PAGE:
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Absolute Values
Solving Two-Step Equations Algebraically
Multiplying Monomials
Factoring Trinomials
Solving Quadratic Equations
Power Functions and Transformations
Composition of Functions
Rational Inequalities
Equations of Lines
Graphing Logarithmic Functions
Elimination Using Multiplication
Multiplying Large Numbers
Multiplying by 11
Graphing Absolute Value Inequalities
The Discriminant
Reducing Numerical Fractions to Simplest Form
Addition of Algebraic Fractions
Graphing Inequalities in Two Variables
Adding and Subtracting Rational Expressions with Unlike Denominators
Multiplying Binomials
Graphing Linear Inequalities
Properties of Numbers and Definitions
Factoring Trinomials
Relatively Prime Numbers
Rotating a Hyperbola
Writing Algebraic Expressions
Quadratic and Power Inequalities
Solving Quadratic Equations by Completing the Square
BEDMAS & Fractions
Solving Absolute Value Equations
Writing Linear Equations in Slope-Intercept Form
Adding and Subtracting Rational Expressions with Different Denominators
Reducing Rational Expressions
Solving Absolute Value Equations
Equations of a Line - Slope-intercept form
Adding and Subtracting Rational Expressions with Unlike Denominators
Solving Equations with a Fractional Exponent
Simple Trinomials as Products of Binomials
Equivalent Fractions
Multiplying Polynomials
Graphing Equations in Three Variables
Properties of Exponents
Graphing Linear Inequalities
Solving Cubic Equations by Factoring
Adding and Subtracting Fractions
Multiplying Whole Numbers
Straight Lines
Solving Absolute Value Equations
Solving Nonlinear Equations
Factoring Polynomials by Finding the Greatest Common Factor
Algebraic Expressions Containing Radicals 1
Addition Property of Equality
Three special types of lines
Quadratic Inequalities That Cannot Be Factored
Adding and Subtracting Fractions
Coordinate System
Solving Equations
Factoring Polynomials
Solving Quadratic Equations
Multiplying Radical Expressions
Solving Quadratic Equations Using the Square Root Property
The Slope of a Line
Square Roots
Adding Polynomials
Arithmetic with Positive and Negative Numbers
Solving Equations
Powers and Roots of Complex Numbers
Adding, Subtracting and Finding Least Common Denominators
What the Factored Form of a Quadratic can tell you about the graph
Plotting a Point
Solving Equations with Variables on Each Side
Finding the GCF of a Set of Monomials
Completing the Square
Solving Equations with Radicals and Exponents
Solving Systems of Equations By Substitution
Adding and Subtracting Rational Expressions
Laws of Exponents and Dividing Monomials
Factoring Special Quadratic Polynomials
Solving Quadratic Equations by Completing the Square
Reducing Numerical Fractions to Simplest Form
Factoring Trinomials
Writing Decimals as Fractions
Using the Rules of Exponents
Evaluating the Quadratic Formula
Rationalizing the Denominator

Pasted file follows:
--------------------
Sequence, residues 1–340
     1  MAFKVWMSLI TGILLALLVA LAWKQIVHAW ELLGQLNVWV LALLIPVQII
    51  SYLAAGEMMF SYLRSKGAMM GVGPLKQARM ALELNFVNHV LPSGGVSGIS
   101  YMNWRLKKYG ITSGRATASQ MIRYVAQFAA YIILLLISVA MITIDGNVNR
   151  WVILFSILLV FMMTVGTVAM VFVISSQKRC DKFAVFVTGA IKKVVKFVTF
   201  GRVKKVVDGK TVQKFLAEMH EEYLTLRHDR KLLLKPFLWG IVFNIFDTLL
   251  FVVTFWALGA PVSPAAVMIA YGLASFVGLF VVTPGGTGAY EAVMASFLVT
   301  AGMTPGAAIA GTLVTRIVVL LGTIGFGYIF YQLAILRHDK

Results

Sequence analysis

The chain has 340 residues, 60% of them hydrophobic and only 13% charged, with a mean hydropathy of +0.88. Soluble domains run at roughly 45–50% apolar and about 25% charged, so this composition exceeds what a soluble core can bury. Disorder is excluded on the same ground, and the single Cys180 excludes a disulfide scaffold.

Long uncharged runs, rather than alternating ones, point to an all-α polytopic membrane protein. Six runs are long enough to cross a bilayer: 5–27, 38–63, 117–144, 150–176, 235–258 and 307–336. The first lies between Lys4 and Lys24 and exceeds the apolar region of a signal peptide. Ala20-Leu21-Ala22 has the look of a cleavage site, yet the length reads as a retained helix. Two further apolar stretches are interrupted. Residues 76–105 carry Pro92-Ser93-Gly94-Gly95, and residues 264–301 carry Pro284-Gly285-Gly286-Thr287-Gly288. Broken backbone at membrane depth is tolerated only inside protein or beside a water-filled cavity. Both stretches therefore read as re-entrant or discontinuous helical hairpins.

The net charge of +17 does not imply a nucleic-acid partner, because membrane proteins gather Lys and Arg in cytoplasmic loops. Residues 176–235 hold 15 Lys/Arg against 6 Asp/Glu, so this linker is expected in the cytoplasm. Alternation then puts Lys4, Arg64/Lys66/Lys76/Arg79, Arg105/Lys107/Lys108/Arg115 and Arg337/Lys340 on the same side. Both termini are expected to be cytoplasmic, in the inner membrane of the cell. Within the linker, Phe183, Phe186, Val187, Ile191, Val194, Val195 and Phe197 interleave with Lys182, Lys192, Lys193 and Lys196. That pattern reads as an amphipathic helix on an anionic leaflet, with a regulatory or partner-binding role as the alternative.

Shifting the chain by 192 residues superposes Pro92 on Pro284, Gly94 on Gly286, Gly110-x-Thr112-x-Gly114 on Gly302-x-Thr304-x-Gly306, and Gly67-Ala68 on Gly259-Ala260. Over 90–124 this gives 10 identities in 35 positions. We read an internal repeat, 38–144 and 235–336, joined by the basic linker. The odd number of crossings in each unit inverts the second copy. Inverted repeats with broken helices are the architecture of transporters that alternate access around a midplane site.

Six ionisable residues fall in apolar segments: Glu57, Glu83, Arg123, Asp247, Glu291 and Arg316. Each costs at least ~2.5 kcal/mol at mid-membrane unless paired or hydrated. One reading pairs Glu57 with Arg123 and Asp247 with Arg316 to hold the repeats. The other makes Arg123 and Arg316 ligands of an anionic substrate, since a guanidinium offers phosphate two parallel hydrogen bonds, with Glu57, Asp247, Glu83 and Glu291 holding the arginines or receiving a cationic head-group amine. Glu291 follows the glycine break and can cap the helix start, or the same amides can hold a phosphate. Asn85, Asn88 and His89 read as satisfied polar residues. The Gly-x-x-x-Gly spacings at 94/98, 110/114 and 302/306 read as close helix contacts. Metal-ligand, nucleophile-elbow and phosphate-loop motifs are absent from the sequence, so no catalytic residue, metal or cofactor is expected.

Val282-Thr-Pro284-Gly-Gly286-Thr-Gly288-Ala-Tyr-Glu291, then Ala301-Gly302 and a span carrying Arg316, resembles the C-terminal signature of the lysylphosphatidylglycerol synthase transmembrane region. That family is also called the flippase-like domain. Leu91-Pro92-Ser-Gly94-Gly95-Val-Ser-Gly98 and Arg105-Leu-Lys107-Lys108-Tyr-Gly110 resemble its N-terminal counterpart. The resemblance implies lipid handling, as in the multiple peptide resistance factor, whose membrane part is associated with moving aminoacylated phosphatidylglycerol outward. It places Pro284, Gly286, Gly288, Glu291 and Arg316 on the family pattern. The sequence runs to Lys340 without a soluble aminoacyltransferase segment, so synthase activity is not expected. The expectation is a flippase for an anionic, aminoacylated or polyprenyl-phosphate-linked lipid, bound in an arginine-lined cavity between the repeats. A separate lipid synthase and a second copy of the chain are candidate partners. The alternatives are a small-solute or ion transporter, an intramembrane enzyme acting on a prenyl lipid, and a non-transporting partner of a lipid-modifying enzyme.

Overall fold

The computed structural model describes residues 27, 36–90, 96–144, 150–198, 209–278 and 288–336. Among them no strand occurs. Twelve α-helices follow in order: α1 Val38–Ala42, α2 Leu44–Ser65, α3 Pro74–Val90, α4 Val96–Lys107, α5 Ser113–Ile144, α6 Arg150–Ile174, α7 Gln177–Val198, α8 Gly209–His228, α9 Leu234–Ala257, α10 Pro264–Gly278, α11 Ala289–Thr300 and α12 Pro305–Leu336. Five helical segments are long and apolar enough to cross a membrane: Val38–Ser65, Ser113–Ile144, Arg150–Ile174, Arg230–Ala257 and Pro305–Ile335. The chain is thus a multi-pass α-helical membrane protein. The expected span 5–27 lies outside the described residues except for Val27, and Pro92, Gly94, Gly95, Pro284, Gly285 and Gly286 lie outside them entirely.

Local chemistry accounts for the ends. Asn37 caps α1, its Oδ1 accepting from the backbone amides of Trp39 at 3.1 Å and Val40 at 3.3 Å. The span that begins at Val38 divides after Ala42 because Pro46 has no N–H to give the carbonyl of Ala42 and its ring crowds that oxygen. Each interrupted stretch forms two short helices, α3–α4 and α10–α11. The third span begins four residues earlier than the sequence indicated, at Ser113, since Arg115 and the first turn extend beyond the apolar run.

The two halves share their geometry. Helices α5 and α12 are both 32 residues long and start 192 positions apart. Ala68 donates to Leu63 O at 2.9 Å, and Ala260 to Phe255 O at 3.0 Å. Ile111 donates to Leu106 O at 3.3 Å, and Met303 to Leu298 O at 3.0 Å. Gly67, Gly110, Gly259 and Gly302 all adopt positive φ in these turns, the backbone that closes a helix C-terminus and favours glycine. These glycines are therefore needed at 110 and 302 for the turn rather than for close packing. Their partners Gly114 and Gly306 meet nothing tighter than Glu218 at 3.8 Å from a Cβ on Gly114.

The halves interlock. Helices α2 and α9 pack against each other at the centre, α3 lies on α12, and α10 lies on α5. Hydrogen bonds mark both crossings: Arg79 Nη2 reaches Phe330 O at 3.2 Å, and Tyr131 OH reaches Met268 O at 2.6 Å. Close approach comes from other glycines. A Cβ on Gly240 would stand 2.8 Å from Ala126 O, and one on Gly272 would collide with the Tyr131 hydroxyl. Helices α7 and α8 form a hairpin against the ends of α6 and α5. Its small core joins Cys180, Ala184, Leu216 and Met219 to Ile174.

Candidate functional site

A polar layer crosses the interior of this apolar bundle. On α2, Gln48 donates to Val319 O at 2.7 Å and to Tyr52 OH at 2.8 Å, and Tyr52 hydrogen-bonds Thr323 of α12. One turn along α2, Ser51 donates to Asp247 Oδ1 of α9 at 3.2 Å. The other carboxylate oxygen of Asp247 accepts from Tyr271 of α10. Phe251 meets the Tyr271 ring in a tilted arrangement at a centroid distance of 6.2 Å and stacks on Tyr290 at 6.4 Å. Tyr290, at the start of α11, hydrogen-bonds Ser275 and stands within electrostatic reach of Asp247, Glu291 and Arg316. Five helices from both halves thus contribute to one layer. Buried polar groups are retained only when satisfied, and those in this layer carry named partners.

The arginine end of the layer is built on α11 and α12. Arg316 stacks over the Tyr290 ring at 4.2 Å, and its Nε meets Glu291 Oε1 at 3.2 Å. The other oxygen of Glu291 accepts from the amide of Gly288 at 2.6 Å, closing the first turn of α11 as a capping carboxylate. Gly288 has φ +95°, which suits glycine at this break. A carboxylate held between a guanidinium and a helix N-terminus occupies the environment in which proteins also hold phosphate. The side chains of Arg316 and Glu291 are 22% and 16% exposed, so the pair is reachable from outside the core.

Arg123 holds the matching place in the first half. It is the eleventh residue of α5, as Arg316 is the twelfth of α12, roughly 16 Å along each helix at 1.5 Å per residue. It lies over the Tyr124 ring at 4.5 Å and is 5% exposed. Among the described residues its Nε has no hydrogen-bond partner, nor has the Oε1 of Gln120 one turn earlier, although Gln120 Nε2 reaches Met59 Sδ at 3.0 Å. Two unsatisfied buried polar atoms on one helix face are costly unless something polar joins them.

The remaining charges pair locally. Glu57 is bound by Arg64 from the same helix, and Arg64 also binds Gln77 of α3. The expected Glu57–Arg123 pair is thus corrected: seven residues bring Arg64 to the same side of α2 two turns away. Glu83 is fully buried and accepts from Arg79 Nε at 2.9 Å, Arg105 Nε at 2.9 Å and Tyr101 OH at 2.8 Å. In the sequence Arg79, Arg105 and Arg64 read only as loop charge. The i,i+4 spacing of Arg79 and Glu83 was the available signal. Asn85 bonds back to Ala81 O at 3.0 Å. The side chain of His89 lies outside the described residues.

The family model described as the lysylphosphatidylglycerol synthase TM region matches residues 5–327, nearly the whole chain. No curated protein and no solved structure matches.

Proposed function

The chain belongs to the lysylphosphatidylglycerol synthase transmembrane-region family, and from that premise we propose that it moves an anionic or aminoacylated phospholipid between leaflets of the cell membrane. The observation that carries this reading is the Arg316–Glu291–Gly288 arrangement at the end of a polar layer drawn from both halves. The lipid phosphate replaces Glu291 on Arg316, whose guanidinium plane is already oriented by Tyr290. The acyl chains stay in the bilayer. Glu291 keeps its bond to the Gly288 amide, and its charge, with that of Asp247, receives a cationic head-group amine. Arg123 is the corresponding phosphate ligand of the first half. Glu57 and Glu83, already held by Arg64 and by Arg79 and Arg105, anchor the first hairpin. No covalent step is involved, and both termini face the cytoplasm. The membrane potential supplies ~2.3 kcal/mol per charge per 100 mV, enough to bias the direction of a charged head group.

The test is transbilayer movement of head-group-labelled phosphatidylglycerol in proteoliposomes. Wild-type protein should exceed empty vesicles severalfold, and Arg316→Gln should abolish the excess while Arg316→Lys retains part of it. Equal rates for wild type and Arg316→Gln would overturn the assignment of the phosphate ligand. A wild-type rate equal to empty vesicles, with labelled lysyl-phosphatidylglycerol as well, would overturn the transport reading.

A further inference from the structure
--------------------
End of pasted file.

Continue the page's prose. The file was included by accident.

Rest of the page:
Multiplication by 429
Writing Linear Equations in Point-Slope Form
Multiplying Radicals
Dividing Polynomials by Monomials
Factoring Trinomials
Introduction to Fractions
Square Roots
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Adding and Subtracting Rational Expressions

Definition A rational expression is a ratio (fraction) of two polynomials. All rational expressions are valid for all real numbers except those values that make the denominator zero.

are rational expressions whereas are not.


When adding (or subtracting) rational expressions with a common denominator, the process is straightforward: Simply add (or subtract) the numerators, and put the result in a rational expression with the same denominator; i.e.,

where a, b and c are polynomials.

Example 1

Example 2

Note that there is no restriction on x because , as will be shown in another paper.

When performing any operation with rational expressions of a single variable, we must make sure our final answer is simplified:

a. All polynomials are in descending order; i.e., the largest power of the variable appears on the left and as we proceed to the right, the powers of the variable decrease.

b. All leading terms (highest degree terms) in the denominator have positive coefficients.

c. All like (similar) terms have been combined.

d. The greatest common factor of the numerator and denominator is 1; i.e., all common factors have been divided out.

e. Unless told otherwise, the numerator is to multiplied out and simplified, while the denominator may be left in factored form.

The expressions, , are considered to be simplified. The expressions, are not considered to be simplified. The following shows how to convert the latter pair of expressions into simplified forms.

[Factor out -1 from denominator]

[Put in descending order]

[Factor out -1 from (-x + 1)]

[Eliminate the leading neg sign in denom.]


Example 3


Solution: The factorizations of the denominators are

Hence the LCD is:

LCD = (x - 2)(x + 2)(x + 1)

Use these factorizations to convert the rational expressions to rational expressions that have the LCD for their denominators, perform the subtraction, and simplify the result.

[Acceptable as being simplified]


Note that the above is valid for all . What this means is that if we substitute any value of

into , and evaluate the expressions, we obtain the same result.

For example, let x = 3. Then we obtain


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